When he issued his ill-fated call to save Eastern Christendom from the Muslims around A.D. 1090, Pope Urban II unleashed what scholars across religious and ideological divides agree was one of history's biggest exercises in futility.
Over the next 200 years, wave after wave of crusading knights wrecked havoc, death and destruction at the end of which, very little was gained.
The holy city of Jerusalem was eventually recaptured by the Muslims, and experts say the only long-term outcome of the Christian Franks periodically storming the lands east of the Mediterranean Sea was an exacerbation of the suspicions and strife between Christianity and Islam.
Those were the mistakes of the Dark Ages, of course, an era when ignorance and barbarity shrouded the Western world before the intellectual illumination of the Renaissance and the Enlightenment saw reason and humanism triumph over superstition and feudalism.
But tune in to the discourse sputtering from a number of radio and TV stations across the world in recent months, and "reasonable" is not a term that will instantly spring to the average listener's mind.
By all accounts, the radical fringes within Christianity and Islam seem to have launched a modern-day crusade, a slander-to-vanquish battle where the mass media appears to have taken over from the sword as a weapon of choice.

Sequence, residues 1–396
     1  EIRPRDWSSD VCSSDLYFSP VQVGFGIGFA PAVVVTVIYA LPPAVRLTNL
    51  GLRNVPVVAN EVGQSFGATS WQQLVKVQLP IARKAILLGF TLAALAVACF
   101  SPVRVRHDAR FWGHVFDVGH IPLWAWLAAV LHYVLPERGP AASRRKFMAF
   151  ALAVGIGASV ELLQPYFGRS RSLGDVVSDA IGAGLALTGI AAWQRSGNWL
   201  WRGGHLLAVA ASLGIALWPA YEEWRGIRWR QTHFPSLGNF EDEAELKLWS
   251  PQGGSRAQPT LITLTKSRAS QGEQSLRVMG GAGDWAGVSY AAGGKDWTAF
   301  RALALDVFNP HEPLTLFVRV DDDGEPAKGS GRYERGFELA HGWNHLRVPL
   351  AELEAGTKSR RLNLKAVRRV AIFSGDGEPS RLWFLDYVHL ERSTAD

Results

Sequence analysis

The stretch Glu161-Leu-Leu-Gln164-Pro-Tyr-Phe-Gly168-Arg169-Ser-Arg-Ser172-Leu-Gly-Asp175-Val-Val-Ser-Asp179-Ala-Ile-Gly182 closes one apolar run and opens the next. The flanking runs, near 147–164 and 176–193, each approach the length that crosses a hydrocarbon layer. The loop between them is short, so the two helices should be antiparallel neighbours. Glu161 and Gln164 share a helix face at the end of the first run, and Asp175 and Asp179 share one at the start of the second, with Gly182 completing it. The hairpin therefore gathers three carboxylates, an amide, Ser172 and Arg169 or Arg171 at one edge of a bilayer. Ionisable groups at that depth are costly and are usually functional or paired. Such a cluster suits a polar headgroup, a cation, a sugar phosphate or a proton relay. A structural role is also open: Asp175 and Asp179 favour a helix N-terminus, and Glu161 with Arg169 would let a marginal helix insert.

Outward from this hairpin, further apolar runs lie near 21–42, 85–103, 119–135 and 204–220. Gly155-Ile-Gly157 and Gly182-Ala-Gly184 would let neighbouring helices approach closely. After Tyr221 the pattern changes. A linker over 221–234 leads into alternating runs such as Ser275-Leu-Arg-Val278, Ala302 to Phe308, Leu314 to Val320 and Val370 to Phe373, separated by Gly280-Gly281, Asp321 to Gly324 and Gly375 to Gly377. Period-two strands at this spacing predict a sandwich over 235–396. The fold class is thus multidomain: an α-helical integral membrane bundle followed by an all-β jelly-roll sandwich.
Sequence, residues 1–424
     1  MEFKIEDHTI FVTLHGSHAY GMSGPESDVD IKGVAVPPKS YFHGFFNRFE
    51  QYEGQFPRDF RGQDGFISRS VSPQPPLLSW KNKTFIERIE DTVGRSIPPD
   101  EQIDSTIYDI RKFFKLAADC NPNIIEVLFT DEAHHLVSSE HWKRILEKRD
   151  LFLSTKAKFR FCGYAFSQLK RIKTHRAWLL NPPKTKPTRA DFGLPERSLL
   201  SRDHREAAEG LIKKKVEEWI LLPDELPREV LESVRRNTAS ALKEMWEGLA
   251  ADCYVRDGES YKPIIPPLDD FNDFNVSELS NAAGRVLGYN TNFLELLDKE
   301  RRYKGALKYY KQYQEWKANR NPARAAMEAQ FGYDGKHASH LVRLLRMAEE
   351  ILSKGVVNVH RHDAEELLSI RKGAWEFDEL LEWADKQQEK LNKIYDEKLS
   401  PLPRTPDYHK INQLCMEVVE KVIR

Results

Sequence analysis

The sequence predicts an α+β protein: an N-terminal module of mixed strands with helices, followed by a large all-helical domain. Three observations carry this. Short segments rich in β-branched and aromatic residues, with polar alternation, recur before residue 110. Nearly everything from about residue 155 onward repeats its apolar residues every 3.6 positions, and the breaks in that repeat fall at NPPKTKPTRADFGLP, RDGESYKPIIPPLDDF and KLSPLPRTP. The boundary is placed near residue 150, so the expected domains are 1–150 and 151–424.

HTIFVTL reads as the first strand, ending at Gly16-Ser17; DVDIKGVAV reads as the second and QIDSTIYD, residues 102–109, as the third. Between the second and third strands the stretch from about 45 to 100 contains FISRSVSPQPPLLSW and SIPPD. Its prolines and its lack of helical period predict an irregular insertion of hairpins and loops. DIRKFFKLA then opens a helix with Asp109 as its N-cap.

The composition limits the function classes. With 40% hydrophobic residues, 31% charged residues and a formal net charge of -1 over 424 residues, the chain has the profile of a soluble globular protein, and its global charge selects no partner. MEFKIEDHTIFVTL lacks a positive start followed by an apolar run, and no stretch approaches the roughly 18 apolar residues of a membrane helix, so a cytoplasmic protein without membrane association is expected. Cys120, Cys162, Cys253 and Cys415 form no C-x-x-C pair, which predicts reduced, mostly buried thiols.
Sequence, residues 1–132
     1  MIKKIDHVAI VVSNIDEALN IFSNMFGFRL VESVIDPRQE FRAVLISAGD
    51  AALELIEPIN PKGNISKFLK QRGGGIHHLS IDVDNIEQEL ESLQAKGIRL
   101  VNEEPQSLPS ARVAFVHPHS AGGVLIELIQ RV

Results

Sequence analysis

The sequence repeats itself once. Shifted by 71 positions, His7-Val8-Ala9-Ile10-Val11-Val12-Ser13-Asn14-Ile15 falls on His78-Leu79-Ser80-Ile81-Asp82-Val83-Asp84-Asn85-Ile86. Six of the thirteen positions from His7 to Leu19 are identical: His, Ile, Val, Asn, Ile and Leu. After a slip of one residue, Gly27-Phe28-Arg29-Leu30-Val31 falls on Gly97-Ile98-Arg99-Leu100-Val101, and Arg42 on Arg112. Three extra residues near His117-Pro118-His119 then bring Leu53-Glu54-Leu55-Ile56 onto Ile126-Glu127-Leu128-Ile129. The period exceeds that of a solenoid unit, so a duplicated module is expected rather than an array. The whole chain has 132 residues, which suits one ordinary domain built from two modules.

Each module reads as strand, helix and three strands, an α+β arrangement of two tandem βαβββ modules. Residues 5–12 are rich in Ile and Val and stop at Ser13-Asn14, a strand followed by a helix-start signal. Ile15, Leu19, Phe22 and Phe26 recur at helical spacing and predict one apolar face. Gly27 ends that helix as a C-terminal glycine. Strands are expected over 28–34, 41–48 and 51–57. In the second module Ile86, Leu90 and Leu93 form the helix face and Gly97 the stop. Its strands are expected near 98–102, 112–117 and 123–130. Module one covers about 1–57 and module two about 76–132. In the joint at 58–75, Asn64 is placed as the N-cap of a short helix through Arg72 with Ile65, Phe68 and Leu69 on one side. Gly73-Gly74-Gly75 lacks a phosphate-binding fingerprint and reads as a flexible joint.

In an interview with CBS' 60 Minutes last year, the Rev. Jerry Falwell called the prophet Mohammed a "terrorist" and "a man of war." Falwell's comments capped a TV season that saw televangelist Pat Robertson call the prophet a "robber and a brigand" and the Rev. Franklin Graham (son of the Rev. Billy Graham) denounce Islam as a "very evil and wicked religion."
On the other side, underground cassette tapes of vitriolic Friday sermons delivered by mullahs across the Muslim world are available from Cairo to Quetta. And from post-9/11 hideouts, al Qaeda continues to release taped messages promising a fight against the "infidels."
"They have taken their rabbis and their monks for gods beside Allah, and also the Messiah son of Mary," said bin Laden in a audiotape released last November. He was expanding on an earlier warning issued before the Sept. 11, 2001, attacks that the West had "divided the world into two regions — one of faith and another of infidelity, from which we hope God will protect us."
The Hot New Debate
As two Semitic, monotheistic religions (the belief there is only one God) with shared roots, Islam and Christianity have interacted for centuries, and the relationship has had its ups and downs.
If history has witnessed the Crusades, the fall of Constantinople, the ousting of the "Moors" from Spain and the Christian European colonialism that surged in the Age of Exploration, there have also been periods of confluence, when arrangements were made for Christian pilgrims to make their way to the Holy Land and scholars across religious divides were invited to debate at royal durbars, or courts.
But after the Sept. 11, 2001, attacks on the United States, whatever spotty appeal the issue of Muslim-Christian ideological harmony had in academic and public discourse quickly faded as a more pugnacious debate pitting the Muslim and Christian worlds in a "civilizational" clash suddenly made it to the top of the charts.